And when that case goes to trial, I think -- I don't know that it's going to go to trial this year because it's hard to say what the judge there is

doing in terms of scheduling, but I don't -- he doesn't have a defense in that case, just not a shred of a defense.

MARTIN: The other case that has gotten a lot of attention and that you have written about most recently is the case connected to the former president's

role in the January 6th mob attack on the Capitol. And in that case, one of the things that has gotten a lot of attention from legal analysts and legal

scholars is this very sweeping claim basically saying that he has total immunity for anything that he does or anything that he did while in the

office of the presidency.

So, you wrote about that. And the headline of the piece was that "Trump's Lawyer Walked Into a Trap." What's the trap he walked into? Would you just

lay that out for us?

CONWAY: Well, the trap that they walked into was that they were pushing arguments that were in tension with each other, or they were pushing -- for

example, they were -- their principal argument is that there is an inherent immunity in the constitution that comes with the president that means that

you cannot be subject to -- essentially to any legal process.

They -- that does not -- that line of cases has never been applied to presidents in the criminal context. It's been applied in the civil context.

And the cases are based upon the notion that if you have -- you know, the president does things that affect so many people, that if you allow them

all to sue, if he did something that harmed them, the president would be continually -- and sue the president personally for damages, you'd end up

with a situation where the president would be worrying about everything he does and who is going to sue him for what. And the president will be

worried more about his personal finances and more about the cost of defending litigation than he would be actually doing his job.

But again, that rationale only applies to -- in the civil context, and it only extends, by the terms of the case law, the case -- the leading case

being -- a case called Nixon against Fitzgerald, which was decided in 1982, to the outer perimeter of the president's official responsibilities.

Now, that's a pretty broad standard. It's basically as broad as you can make it reasonably. But it's -- you know, it doesn't apply to essentially

conducting a coup. But the other point is, it's never been applied to the criminal context. And that's the thing that I think he's going to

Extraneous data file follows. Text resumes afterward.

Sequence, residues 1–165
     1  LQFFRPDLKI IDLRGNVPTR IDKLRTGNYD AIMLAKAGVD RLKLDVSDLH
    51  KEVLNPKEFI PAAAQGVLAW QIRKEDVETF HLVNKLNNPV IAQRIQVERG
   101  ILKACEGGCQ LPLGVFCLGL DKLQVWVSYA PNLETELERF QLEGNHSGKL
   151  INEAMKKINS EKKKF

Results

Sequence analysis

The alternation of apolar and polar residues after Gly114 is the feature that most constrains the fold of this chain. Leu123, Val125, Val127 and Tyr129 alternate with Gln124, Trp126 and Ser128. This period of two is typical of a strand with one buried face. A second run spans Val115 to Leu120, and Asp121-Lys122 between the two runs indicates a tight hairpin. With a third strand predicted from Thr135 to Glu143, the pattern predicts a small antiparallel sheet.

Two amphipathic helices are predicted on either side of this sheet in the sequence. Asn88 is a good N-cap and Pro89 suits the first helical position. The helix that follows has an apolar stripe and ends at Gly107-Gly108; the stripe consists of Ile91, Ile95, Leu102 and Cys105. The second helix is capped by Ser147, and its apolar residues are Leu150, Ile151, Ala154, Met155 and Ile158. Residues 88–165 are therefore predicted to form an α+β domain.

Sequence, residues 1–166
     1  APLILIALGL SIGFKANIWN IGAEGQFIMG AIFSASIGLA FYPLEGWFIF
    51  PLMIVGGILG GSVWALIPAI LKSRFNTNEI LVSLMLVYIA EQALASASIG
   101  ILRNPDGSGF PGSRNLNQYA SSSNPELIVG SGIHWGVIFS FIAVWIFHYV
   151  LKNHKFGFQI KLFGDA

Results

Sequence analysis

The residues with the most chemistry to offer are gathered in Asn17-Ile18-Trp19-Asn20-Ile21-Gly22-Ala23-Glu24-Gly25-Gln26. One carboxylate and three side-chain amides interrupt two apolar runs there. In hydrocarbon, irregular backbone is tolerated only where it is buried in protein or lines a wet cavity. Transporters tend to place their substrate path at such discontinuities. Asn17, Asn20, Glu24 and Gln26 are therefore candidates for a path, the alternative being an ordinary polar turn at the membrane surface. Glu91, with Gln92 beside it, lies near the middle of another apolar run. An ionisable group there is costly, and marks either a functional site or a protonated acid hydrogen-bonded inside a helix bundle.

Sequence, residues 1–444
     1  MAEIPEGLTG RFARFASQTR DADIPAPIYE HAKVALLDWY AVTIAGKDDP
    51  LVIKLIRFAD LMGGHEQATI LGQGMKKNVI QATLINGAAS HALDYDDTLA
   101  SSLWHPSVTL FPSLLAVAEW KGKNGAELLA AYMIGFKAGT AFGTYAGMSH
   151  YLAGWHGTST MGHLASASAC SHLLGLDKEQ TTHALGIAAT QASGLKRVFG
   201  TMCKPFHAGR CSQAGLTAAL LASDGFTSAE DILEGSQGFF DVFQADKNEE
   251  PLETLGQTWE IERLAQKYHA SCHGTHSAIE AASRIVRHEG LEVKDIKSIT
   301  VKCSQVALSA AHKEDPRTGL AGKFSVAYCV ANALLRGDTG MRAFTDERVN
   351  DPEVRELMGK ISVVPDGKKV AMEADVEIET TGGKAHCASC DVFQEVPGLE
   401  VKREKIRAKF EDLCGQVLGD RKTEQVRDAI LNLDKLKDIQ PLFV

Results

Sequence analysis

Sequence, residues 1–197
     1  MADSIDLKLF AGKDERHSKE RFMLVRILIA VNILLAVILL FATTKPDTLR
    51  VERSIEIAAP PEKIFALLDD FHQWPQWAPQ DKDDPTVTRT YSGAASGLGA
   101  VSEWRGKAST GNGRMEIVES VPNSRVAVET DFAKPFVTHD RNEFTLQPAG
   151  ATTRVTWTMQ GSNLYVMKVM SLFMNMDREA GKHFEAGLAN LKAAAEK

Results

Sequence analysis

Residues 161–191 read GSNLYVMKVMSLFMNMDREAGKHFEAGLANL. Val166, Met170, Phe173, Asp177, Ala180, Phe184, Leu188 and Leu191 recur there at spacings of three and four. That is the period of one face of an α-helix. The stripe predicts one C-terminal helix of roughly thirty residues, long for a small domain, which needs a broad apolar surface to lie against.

absolutely lose on, which is the notion that somehow you can extend this civil liability doctrine to the criminal context.


Now, the trap that he set for himself is what had he made a secondary argument, an argument that is extremely weak based upon something called

the impeachment judgment clause. And what the impeachment judgment clause of the Constitution, which is an Article 1 of the constitution, because it

deals with Congress's powers, it says that, if you -- if some -- if an officer of the United States is removed from office by the impeachment

process, in other words impeached by the House and convicted by the Senate and removed as a result of the Senate conviction, he can nonetheless be

charged in the courts of law thereafter for any criminal conduct that the - - that was covered by the impeachment.

What Trump has been arguing is that by -- you could flip that over and say, you can only be charged if you are convicted by the Senate. And that's not

what the clause says. But what he did also and what his lawyers did at this argument was, at the same time that they were making this broad absolute

criminal immunity argument, they were saying -- and they were saying that we need that broad criminal immunity because we have to fear political

prosecutions. When one administration goes in and tries to prosecute the people in the last administration, the president of the last

administration, he's saying, we can't have that because we need to protect from political prosecutions.

But then they're saying at the same time, the exception is if the president is convicted by the Senate, you can nonetheless charge it, which is

inconsistent with the claim of absence of immunity.

MARTIN: Right. Because that's a political proceeding. The impeachment is a political proceeding. It's not a criminal proceeding.